It was explosively controversial, bringing out the haters and sparking a national conversation that totally dominated the media.
And depending on who you asked, it was either a bold experiment that dared to break new ground or it was a financial disaster. An awesome idea or an epic fail. An opportunity for women to finally show their stuff, or a slap in the face to a beloved cultural institution.
No, we're not talking about the Ghostbusters remake.
We're talking about Prohibition, the period in the U.S. between 1920 and 1933 when the 18th Amendment to the Constitution made it illegal to manufacture, sell, or import "intoxicating beverages" anywhere in the U.S. Yep, that all-American pastime—drinking beer, wine, and hard liquor—was soon to be illegal. After you drank up the stuff you already owned, if you wanted to drink, you had to violate the Constitution.
Let's back up, though.
Americans have always loved them some partying.
Colonial Americans drank early and often. By 1760, there were 60+ rum distilleries in Massachusetts and 22 just in Newport, Rhode Island, alone (source). Cowboys had their saloons, rich folks had their fancy private clubs, working guys had their neighborhood bars, college students had, well, anywhere they could think of. Forget baseball—drinking was the real national pastime.
So what made Americans decide to turn off the tap?
Lots of things, it turns out. In the early 1800s, as the result of a religious revival that swept the country, social reformers and evangelical Christians decided it was time to get serious about the dangerous effects of drunkenness on society and the family. Women were tired of having their lives ruined by husbands who spent their paychecks on whiskey instead of food and rent. Temperance societies sprung up around the country, preaching—wait for it—temperance (moderation) in the use of alcohol. Alcoholism came to be seen as a major public health issue.
The Temperance Movement was a mad success. In 1851, Maine went "dry," followed soon after by twelve other states. Prohibitionists formed the ultimate single-issue political party, The Prohibition Party; a politician was either "wet" or "dry," and it had absolutely nothing to do with how recently they'd gotten out of the bathtub.
Except for a brief intermission for the Civil War, the Prohibition movement gained steam through the turn of the century thanks to a coalition of different groups that all hated alcohol for their own reasons. Women saw Prohibition as part of the march of social progress that included universal suffrage and equal access to education and the professions. Industrialists like Henry Ford thought that a sober workforce might be more productive. Colleges saw the benefits of non-hungover students. Even the KKK and the Communists came out in favor of Prohibition.
Starting with local and state governments, the politically savvy Anti-Saloon League threw the support of its voting bloc behind dry candidates. More states went dry. The League decided to go big: no less than a Constitutional amendment to smack down demon rum once and for all.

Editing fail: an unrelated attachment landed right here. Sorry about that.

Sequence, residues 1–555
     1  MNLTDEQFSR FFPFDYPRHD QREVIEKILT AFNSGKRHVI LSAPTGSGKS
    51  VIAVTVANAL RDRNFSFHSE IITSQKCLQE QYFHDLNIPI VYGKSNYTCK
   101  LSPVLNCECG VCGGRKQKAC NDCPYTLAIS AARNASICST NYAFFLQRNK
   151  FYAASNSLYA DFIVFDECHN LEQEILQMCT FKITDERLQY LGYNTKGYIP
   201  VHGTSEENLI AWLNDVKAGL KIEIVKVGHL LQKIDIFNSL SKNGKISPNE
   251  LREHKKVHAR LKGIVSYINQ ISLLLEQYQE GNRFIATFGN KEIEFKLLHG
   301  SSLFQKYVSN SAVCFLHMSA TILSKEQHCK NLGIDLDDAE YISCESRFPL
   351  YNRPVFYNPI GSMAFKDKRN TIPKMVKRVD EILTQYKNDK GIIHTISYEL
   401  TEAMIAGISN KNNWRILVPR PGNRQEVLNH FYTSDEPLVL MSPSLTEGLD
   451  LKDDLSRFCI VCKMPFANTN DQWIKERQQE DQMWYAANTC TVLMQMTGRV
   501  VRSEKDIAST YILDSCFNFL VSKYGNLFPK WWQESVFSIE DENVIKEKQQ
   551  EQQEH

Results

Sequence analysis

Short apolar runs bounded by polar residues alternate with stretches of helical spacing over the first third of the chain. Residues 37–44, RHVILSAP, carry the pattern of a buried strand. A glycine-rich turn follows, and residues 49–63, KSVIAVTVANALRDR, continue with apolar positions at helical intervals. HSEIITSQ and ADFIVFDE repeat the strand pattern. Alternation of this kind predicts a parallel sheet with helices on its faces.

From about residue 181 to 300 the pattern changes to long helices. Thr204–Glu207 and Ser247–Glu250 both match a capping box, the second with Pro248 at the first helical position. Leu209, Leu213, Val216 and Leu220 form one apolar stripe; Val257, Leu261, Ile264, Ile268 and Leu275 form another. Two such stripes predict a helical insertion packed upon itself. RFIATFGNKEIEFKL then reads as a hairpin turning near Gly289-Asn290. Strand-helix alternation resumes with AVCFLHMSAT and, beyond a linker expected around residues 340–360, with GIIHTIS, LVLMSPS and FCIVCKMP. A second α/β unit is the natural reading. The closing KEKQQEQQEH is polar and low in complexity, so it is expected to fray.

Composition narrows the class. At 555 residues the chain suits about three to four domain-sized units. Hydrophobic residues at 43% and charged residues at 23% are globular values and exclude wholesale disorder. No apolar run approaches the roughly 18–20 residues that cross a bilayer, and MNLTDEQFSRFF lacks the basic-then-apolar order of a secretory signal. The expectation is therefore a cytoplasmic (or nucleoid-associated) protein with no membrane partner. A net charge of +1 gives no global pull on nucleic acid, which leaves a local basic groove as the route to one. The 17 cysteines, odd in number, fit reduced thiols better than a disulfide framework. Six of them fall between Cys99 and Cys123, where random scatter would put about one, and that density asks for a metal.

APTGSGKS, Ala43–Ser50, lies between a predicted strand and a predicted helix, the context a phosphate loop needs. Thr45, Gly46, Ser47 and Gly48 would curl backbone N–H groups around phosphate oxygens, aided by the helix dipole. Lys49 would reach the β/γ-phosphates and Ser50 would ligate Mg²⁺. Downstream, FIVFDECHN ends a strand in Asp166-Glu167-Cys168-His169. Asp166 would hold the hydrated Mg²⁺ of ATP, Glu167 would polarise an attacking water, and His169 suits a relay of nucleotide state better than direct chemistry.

The final piece of the puzzle dropped into place in 1913 with the passage of the 16th Amendment creating a federal income tax. Up until then, 40% of federal revenue came from liquor taxes. (Did we mention Americans loved to drink?) With the new tax, Prohibition wouldn't break the bank.
A Prohibition resolution was put before Congress and passed. By the beginning of 1919, the required number of states ratified the shiny new 18th Amendment. Then everyone stopped drinking and the country entered a new golden age.
Problem was, Prohibition was impossible to enforce. One Detroit newspaperman said, "It was absolutely impossible to get a drink...unless you walked at least ten feet and told the busy bartender what you wanted in a voice loud enough for him to hear you above the uproar" (source).
Making alcohol illegal gave criminal groups an instantly valuable product that could make them, like, all the cash. Gangsters like Al Capone made a fortune manufacturing, importing, and selling liquor. With all that money on the line, gang violence escalated to insane levels, and law enforcement either couldn't keep up or were in the pockets of the gangs and looked the other way.
By the late-1920s, public sentiment turned against Prohibition. The stock market crash of 1929 and subsequent Great Depression didn't help. People had to deal with the misery of financial ruin without the help of the occasional beer, and all those alcohol tax dollars started looking pretty good to a panicked government.
In 1932, Franklin D. Roosevelt campaigned at least partially on a platform of repealing the 18th Amendment. By early 1933, the 21st Amendment was on the table, and its only job was getting rid of the 18th. When Utah became the 36th state to ratify the Amendment (giving Congress the required 3/4 of states), what President Herbert Hoover had called the "noble experiment" with Prohibition was over.
And FDR? He celebrated.
With a martini.
"What Colorado and other states have already done is generating revenue, creating jobs and reducing crime, so it's not surprising that voters in more places are eager to end prohibition," said Tom Angell.
Wait. Wasn't Prohibition already repealed?
Oh, we get it. Dude's talking about weed.
After the election of 2016, 29 states had laws allowing medical marijuana use, and, as TIME magazine put it, "roughly one-fifth of the population lives in a place where adults 21 and older can legally consume weed for fun."
Shmoopers, it's gonna be up to you to make the nation's drug laws. To legalize or not to legalize? That is the question. Is there anything to be learned from Prohibition?
Everybody knows that Prohibition was a total failure. Or was it?
Actually, Prohibition really did reduce drinking dramatically. Sure, people still drank, and lots of what they drank was dangerous homemade stuff. But even though rates of alcohol use gradually rose starting in the mid-1920s, they didn't reach pre-Prohibition levels until decades after repeal. Deaths from cirrhosis of the liver plummeted during Prohibition, as did psych hospital admissions for alcohol-related problems. Ditto arrests for drunkenness (source).